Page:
Erik:  I want to move on now to another trend that I think is going to be important, which is the market needs to come to terms with digital currency. And you know, back a few years ago, when crypto was first getting popular, I used to tell people I said look, if you really love this digital currency stuff, just wait till central banks get their hands on this technology. Because when they do, they're not going to have the same goals that Satoshi had. And the prediction I made almost 10 years ago now. And not quite that long, maybe eight years ago, was I said. What began as a libertarian pipe dream is going to end as an Orwellian nightmare when central banks completely re-engineer money itself using digital currency technology. I guess I'm the only one who's really convinced that that's the risk. What do you think of that? And more importantly, you know, that's just my take. Broader spectrum, where's this whole thing headed? It started with crypto. Now CBDCs are coming in. Where are we headed with digital currency?

Daniel:   I think your prediction eight years ago was spot on. We cannot...

Erik:  Nobody seems to be worried about the Orwellian nightmare though. I don't get it.


Daniel:   Well, you know, it's very interesting how naive investors can be.

Erik:  ESG!

Daniel:   It's very, very surprising how naive investors can be when you know. You know! You have the facts that central bank independence has all but gone out the window. Central Bank independence doesn't exist. Central banks have maintained very aggressive expansionary policies in growth periods. With record levels of employment because of political interference. Central banks have been maintaining financial repression at any cost in all types of economic environments. And you truly believe that central banks are going to implement a digital currency without any of the secondary negative effects. That's being extremely naive.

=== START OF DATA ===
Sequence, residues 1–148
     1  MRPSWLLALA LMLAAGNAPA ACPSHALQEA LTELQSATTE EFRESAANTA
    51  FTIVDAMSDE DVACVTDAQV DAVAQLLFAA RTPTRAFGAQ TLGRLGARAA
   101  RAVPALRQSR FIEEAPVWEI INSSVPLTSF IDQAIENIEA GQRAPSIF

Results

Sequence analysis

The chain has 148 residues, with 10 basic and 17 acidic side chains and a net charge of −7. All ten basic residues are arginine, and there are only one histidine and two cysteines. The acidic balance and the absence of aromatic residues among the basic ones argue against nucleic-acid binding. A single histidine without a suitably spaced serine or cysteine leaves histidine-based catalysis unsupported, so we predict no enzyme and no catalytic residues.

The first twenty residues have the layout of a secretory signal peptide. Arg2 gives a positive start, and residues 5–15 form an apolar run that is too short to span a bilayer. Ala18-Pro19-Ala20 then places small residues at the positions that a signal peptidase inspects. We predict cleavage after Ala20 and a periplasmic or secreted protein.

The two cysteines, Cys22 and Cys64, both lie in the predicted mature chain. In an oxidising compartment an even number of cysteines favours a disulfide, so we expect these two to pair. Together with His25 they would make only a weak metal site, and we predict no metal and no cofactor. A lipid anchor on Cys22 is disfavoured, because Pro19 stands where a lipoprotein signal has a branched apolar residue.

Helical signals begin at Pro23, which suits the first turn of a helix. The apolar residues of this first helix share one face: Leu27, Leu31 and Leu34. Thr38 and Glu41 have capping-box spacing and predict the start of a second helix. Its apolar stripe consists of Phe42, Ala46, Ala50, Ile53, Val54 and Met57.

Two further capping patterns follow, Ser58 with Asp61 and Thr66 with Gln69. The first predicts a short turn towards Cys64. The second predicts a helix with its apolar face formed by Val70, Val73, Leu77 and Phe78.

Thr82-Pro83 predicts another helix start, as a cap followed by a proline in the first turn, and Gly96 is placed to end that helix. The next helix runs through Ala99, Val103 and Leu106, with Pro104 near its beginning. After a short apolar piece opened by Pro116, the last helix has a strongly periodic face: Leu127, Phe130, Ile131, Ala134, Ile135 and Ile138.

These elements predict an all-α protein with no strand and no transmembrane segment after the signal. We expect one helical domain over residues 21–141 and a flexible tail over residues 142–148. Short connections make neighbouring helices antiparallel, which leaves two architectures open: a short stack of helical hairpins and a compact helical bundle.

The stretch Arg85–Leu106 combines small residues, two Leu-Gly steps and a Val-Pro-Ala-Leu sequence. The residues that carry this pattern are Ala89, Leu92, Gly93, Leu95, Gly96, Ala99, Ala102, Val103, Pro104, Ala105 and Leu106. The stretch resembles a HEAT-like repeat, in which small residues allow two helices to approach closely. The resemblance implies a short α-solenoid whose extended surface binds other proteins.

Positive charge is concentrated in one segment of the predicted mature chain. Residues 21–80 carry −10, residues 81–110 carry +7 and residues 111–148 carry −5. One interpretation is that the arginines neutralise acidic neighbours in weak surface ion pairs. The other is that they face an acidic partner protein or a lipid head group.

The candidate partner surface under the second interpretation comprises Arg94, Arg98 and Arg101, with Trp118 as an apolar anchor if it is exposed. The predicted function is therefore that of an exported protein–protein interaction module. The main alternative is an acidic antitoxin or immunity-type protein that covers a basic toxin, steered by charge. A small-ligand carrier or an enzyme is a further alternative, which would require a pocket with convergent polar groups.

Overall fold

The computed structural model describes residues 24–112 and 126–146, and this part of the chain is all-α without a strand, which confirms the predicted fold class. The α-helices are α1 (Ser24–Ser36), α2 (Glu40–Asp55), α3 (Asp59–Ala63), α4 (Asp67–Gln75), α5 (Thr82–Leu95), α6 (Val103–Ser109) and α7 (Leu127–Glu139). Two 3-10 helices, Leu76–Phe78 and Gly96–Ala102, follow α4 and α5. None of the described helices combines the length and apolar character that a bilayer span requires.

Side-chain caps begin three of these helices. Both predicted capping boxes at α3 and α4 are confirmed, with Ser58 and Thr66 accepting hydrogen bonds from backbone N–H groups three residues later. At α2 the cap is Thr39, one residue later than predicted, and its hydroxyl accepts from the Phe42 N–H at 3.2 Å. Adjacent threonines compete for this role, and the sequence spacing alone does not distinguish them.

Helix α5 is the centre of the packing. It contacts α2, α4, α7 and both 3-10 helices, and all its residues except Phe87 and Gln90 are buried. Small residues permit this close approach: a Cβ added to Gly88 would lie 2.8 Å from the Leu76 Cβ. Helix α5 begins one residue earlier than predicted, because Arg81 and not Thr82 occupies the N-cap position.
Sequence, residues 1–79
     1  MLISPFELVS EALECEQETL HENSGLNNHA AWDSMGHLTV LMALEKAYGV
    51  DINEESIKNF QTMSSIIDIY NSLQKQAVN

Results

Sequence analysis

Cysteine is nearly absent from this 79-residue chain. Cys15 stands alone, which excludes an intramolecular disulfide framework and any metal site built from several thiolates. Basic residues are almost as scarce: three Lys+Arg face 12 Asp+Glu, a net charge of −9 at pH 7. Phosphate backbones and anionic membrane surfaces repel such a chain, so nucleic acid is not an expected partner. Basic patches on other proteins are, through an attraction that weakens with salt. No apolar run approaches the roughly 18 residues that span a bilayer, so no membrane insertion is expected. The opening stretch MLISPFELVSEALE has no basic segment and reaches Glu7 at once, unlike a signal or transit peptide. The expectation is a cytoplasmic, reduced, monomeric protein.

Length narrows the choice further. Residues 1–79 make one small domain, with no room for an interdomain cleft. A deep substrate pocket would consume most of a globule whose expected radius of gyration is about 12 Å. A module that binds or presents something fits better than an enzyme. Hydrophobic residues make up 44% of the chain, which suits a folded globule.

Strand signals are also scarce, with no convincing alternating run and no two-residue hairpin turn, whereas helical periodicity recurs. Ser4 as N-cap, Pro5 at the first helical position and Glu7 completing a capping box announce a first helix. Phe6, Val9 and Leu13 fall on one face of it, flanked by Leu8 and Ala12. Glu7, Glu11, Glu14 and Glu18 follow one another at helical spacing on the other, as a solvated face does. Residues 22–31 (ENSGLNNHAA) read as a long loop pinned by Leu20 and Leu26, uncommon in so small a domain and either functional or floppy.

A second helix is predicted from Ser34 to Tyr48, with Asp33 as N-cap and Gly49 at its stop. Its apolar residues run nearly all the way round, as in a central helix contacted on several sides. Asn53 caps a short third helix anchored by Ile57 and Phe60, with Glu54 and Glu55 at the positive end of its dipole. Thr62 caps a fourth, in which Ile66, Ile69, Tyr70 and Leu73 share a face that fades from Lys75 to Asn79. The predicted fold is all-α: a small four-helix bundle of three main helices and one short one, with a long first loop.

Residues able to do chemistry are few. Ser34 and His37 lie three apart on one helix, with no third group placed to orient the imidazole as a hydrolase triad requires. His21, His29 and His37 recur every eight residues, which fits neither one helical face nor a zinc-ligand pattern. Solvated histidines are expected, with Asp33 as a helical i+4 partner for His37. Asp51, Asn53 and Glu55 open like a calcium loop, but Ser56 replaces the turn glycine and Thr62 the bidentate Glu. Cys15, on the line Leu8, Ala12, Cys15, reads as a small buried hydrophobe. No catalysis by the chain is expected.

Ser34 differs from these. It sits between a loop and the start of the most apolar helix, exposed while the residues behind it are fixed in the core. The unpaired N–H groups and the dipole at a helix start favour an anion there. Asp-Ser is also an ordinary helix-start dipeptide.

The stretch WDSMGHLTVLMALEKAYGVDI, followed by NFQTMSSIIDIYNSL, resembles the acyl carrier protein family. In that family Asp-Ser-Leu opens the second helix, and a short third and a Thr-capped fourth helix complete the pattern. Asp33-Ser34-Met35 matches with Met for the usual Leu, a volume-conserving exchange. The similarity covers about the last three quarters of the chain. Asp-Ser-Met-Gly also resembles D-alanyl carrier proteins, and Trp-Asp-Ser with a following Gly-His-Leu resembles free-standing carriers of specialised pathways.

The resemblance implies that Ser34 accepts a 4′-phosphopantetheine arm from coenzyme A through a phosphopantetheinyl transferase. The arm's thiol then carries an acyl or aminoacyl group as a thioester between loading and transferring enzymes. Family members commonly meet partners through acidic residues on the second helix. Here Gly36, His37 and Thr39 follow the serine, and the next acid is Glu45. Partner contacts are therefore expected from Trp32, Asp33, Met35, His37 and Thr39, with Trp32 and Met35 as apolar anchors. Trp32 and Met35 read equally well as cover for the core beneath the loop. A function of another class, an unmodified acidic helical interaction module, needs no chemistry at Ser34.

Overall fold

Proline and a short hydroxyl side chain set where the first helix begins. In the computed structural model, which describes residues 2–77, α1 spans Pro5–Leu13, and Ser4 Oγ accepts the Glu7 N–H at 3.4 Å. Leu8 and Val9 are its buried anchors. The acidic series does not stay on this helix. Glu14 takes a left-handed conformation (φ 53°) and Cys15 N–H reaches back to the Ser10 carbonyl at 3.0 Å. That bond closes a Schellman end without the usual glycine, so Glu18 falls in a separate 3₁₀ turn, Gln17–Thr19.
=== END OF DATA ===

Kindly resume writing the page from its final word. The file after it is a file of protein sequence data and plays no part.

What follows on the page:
The biggest risk of central bank digital currency, to start with, we already know is that it's surveillance disguised as currency. Is that you are giving all the power to central banks that have been at least questionable in their independence to know exactly what you pay, what you invest, what you save, which you're giving all the power to those central banks, to wipe out your savings, when they believe that savings are too high. You are giving them all the power to elevate money supply without the limiting and factor and the break that the credit mechanism implies in monetary policy, because today, the reason why we may still have a debate about why quantitative easing was not massively inflationary and prices, the entire difference, the entire reason why quantitative easing is not as inflationary as direct money printing, Argentina style is because the mechanism of transmission of monetary policy is driven by demand of credit. And if credit demand doesn't go up, then that whole process is eliminating the risk of massive inflationary pressures in goods and services prices.